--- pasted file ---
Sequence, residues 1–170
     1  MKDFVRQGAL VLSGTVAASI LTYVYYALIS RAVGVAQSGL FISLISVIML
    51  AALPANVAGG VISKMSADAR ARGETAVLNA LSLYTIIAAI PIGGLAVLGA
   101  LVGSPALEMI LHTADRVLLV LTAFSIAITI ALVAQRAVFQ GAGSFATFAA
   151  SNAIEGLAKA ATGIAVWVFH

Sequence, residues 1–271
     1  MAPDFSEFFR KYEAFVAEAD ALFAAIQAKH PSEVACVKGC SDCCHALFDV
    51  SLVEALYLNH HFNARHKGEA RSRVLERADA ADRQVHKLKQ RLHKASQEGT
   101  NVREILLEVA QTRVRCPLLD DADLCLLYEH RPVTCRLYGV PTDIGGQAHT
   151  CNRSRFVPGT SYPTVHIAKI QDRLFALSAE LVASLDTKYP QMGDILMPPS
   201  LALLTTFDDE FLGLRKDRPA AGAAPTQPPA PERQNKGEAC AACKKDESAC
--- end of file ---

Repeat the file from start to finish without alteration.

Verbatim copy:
Sequence, residues 1–170
     1  MKDFVRQGAL VLSGTVAASI LTYVYYALIS RAVGVAQSGL FISLISVIML
    51  AALPANVAGG VISKMSADAR ARGETAVLNA LSLYTIIAAI PIGGLAVLGA
   101  LVGSPALEMI LHTADRVLLV LTAFSIAITI ALVAQRAVFQ GAGSFATFAA
   151  SNAIEGLAKA ATGIAVWVFH

Sequence, residues 1–271
     1  MAPDFSEFFR KYEAFVAEAD ALFAAIQAKH PSEVACVKGC SDCCHALFDV
    51  SLVEALYLNH HFNARHKGEA RSRVLERADA ADRQVHKLKQ RLHKASQEGT
   101  NVREILLEVA QTRVRCPLLD DADLCLLYEH RPVTCRLYGV PTDIGGQAHT
   151  CNRSRFVPGT SYPTVHIAKI QDRLFALSAE LVASLDTKYP QMGDILMPPS
   201  LALLTTFDDE FLGLRKDRPA AGAAPTQPPA PERQNKGEAC AACKKDESAC